On a stretch of interstate highway in central Illinois last week, a freak dust storm caused a series of massive vehicle pileups that killed seven people and injured dozens more. The cause of the tragedy, according to Illinois State Police, was “excessive winds blowing dirt from farm fields across the highway leading to zero visibility.” News reports noted that dust storms are rare in Illinois, but drier, hotter conditions in many farming communities could make such events more frequent and deadly. This disaster should serve as a sobering reminder that policymakers and the agriculture industry need to do more to adapt to our changing climate.
A new Dust Bowl? When soil erosion and climate change collide
We’ve all seen grainy historical photos of the Dust Bowl of the 1930s—a nearly decade-long confluence of recurring severe droughts, poor farming practices, and plummeting grain prices that devastated much of the Great Plains and drove the largest migration in US history. That time now feels remote, and a repeat catastrophe of that magnitude seems unthinkable. But the loss of life on an Illinois highway last week wasn’t just shocking and tragic, it was also a warning.
Because like the Dust Bowl of so many decades ago, this tragedy stemmed from a collision of multiple systemic problems—in this case, unchecked climate change layered atop the excesses of industrial agriculture. Atmospheric conditions produced unusually strong winds in the area that day, but the wind alone couldn’t have caused the catastrophe without the combined effects of exceptional dryness and newly disturbed bare soil. A US Department of Agriculture (USDA) official noted that farm fields in the area had been tilled for planting or had just been planted, leaving soil exposed, and that topsoil “was primed to be lofted into the air by short-term dryness.” That part of central Illinois had received roughly half the normal rainfall for April.
A devastating dust storm is just one of many bad outcomes that are possible when increasingly severe weather interacts with an agriculture system that doesn’t value and protect the soil that is its literal foundation.
Although most people don’t notice it, erosion and soil degradation caused by industrial agriculture are already a problem in farming regions across the country. According to a 2020 Union of Concerned Scientists (UCS) report, every year, US croplands lose at least twice as much soil to erosion as the Great Plains are estimated to have lost annually during the peak of the Dust Bowl. Using recent estimates from the USDA, we projected that croplands would lose an additional 28 billion tons of soil by 2035 and 148 billion tons by 2100—about 300 years’ worth at the rate at which soil naturally forms.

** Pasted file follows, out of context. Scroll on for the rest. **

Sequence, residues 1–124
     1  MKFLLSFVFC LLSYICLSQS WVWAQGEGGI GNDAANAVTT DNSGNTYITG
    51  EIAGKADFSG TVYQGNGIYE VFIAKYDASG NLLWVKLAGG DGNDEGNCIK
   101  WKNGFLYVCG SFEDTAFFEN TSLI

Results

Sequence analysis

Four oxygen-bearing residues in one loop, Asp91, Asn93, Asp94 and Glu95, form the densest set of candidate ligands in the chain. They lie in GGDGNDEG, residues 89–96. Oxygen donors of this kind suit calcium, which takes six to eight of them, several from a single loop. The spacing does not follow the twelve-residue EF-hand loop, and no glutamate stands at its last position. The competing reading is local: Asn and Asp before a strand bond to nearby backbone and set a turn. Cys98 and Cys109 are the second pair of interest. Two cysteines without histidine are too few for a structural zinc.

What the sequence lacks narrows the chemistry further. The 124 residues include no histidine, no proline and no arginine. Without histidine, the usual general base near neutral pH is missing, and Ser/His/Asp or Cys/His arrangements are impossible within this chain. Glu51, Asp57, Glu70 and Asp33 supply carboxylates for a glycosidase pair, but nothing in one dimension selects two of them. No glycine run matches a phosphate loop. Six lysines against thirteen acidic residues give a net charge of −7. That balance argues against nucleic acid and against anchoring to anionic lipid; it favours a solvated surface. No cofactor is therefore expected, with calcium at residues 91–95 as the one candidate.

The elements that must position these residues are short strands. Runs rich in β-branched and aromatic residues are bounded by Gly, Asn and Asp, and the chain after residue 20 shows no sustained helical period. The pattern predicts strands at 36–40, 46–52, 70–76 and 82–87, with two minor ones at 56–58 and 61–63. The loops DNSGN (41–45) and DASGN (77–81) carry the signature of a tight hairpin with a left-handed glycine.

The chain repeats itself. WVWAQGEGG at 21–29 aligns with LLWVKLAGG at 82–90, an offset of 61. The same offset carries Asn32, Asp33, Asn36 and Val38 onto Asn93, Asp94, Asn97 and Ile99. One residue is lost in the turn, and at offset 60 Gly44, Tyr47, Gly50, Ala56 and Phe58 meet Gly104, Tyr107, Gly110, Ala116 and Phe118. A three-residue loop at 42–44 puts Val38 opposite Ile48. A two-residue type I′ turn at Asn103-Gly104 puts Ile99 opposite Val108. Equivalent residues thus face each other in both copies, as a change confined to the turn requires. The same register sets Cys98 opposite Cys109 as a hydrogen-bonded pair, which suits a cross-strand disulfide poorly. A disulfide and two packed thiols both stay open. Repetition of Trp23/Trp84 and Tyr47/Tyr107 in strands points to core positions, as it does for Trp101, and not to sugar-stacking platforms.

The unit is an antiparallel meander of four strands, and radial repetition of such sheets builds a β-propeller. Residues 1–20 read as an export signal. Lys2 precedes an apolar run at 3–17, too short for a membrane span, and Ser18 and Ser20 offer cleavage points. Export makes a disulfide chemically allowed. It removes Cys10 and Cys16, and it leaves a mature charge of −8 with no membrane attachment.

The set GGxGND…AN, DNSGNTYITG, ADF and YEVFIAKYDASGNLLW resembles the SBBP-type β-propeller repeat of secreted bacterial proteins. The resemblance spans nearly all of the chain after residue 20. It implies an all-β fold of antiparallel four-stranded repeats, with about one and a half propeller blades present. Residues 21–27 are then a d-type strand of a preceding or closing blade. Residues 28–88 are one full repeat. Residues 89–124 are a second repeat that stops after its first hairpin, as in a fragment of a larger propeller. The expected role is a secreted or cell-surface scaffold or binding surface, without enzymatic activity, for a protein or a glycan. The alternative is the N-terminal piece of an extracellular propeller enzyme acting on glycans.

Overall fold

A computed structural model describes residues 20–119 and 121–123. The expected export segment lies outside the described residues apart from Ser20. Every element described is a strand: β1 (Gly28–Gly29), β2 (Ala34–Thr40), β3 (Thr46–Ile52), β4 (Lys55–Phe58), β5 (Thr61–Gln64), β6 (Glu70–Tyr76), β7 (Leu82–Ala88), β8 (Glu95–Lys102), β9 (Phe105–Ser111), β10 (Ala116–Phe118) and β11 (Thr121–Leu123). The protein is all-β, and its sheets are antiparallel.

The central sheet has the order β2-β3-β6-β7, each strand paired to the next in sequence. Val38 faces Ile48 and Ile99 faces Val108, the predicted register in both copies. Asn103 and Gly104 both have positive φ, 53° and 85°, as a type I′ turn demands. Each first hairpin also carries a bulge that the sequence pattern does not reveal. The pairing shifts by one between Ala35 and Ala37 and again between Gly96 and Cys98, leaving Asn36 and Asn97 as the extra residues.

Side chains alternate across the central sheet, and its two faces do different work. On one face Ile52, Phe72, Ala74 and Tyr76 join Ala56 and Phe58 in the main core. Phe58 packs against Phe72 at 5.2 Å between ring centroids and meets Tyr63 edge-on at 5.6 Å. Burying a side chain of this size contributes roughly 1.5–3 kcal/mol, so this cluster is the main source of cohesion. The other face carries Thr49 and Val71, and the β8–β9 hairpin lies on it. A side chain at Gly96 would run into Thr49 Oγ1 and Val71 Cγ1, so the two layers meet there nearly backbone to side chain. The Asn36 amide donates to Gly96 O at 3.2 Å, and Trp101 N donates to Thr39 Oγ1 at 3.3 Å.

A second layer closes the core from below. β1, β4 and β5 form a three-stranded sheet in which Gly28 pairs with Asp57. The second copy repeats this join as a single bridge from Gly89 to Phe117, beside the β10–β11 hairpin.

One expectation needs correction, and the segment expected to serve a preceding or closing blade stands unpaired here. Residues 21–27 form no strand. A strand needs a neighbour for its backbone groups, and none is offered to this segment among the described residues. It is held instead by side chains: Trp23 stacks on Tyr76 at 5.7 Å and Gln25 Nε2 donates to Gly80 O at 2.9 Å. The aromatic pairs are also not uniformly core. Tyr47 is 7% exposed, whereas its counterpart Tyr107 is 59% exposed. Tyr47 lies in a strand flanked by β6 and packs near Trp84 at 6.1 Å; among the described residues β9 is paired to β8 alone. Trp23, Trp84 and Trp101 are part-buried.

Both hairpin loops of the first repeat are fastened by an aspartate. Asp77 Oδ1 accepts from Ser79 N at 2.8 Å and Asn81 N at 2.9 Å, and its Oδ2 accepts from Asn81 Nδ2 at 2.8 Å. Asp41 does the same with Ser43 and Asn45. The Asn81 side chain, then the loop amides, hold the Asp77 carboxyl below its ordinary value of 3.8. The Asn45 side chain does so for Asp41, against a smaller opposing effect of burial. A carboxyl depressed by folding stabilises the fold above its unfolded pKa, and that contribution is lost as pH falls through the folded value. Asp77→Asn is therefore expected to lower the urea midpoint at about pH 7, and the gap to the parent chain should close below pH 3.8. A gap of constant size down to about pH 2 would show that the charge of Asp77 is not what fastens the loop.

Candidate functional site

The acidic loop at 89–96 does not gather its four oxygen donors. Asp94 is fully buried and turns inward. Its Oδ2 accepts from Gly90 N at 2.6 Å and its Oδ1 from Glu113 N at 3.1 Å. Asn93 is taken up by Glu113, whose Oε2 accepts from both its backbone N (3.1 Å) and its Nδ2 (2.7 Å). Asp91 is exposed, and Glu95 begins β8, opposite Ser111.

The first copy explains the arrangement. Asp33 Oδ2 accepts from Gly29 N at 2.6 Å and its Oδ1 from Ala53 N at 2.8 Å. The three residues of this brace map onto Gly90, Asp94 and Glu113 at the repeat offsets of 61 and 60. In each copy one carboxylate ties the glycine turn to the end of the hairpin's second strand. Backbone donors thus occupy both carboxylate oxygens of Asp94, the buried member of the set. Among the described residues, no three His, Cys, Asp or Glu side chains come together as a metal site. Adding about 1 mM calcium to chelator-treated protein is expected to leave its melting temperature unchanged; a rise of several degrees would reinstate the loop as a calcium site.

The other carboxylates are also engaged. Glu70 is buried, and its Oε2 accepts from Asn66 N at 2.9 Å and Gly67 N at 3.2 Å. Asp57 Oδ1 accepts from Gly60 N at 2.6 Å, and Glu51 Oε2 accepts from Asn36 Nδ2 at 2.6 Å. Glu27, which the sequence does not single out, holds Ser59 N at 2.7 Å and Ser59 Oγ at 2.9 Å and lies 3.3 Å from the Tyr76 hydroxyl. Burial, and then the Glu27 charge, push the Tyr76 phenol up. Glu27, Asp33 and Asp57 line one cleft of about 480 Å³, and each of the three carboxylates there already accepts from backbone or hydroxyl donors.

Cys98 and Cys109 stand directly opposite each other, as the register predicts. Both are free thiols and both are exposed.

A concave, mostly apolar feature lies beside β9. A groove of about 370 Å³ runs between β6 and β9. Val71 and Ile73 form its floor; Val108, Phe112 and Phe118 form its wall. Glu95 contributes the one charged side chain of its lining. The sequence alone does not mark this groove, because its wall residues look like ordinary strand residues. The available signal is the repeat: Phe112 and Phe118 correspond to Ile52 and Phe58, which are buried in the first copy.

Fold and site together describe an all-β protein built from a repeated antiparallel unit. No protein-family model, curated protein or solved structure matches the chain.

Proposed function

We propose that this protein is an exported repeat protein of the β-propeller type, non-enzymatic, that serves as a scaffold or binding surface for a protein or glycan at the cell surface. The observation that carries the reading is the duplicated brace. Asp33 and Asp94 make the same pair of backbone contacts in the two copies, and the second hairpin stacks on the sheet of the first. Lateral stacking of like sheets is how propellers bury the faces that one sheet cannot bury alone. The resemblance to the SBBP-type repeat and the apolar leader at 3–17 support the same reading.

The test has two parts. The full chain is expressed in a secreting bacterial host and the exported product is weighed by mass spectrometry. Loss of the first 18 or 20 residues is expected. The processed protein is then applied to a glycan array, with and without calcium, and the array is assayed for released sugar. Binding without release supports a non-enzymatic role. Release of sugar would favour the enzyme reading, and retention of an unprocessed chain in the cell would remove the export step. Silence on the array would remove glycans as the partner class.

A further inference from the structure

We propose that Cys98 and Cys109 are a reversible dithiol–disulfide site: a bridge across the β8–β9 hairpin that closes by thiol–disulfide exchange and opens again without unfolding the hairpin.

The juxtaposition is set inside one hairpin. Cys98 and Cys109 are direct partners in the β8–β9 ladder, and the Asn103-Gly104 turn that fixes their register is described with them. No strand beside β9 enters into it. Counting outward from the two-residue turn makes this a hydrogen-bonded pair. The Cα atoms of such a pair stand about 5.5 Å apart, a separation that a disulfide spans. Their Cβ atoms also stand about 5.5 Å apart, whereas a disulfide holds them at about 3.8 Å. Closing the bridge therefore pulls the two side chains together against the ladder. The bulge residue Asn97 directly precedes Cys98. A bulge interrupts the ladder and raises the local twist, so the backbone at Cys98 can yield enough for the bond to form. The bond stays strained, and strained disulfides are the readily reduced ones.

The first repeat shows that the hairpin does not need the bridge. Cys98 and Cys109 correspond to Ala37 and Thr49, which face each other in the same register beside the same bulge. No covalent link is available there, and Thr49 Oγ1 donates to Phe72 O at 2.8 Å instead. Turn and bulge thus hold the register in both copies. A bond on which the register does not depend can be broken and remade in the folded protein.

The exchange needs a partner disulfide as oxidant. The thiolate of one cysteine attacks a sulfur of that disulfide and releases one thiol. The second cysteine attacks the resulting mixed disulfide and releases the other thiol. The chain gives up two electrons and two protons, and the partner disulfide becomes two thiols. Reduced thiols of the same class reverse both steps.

As climate change continues and farming areas get hotter and drier—as expected in the Southern Great Plains and Southwest—erosion could increasingly take the form of dust storms when bone-dry fields are plowed. In Illinois and the rest of the Corn Belt, weather patterns may ping-pong between wet and dry, but the overall Midwest prediction calls for an increase in extreme precipitation and heavy flooding. And very wet conditions bring their own soil loss problems, because . . .
Soil doesn’t just blow away—it also washes away and pollutes our water
Extreme precipitation and flooding carry large quantities of soil off bare farm fields. Coupled with excessive use of fertilizer, which has increased dramatically over the last four decades, this creates major water-quality problems, as the fertilizer runs off into waterways and leaches into groundwater. The results range from localized drinking water contamination to ecological and economic damage in water bodies far from the source of the pollution.
A 2021 UCS study quantified the impact of nitrates—a by-product of nitrogen-based fertilizers—in drinking water in Iowa, a state heavily impacted by farm runoff. It found that in 2020, 58 of Iowa’s public water systems treated 82 billion gallons of drinking water for nitrates, which can cause serious health problems such as neural tube defects in utero and “blue baby syndrome” in infants. Chronic exposure to nitrates at lower levels is also associated with increased risk for some cancers. In Iowa, it’s estimated that up to 300 cases of cancer each year are caused by exposure to nitrates in drinking water. And treating water to remove nitrates is expensive: UCS estimated that it will cost Iowans between $41 million and $333 million over the next five years—much of which will be borne by small rural communities.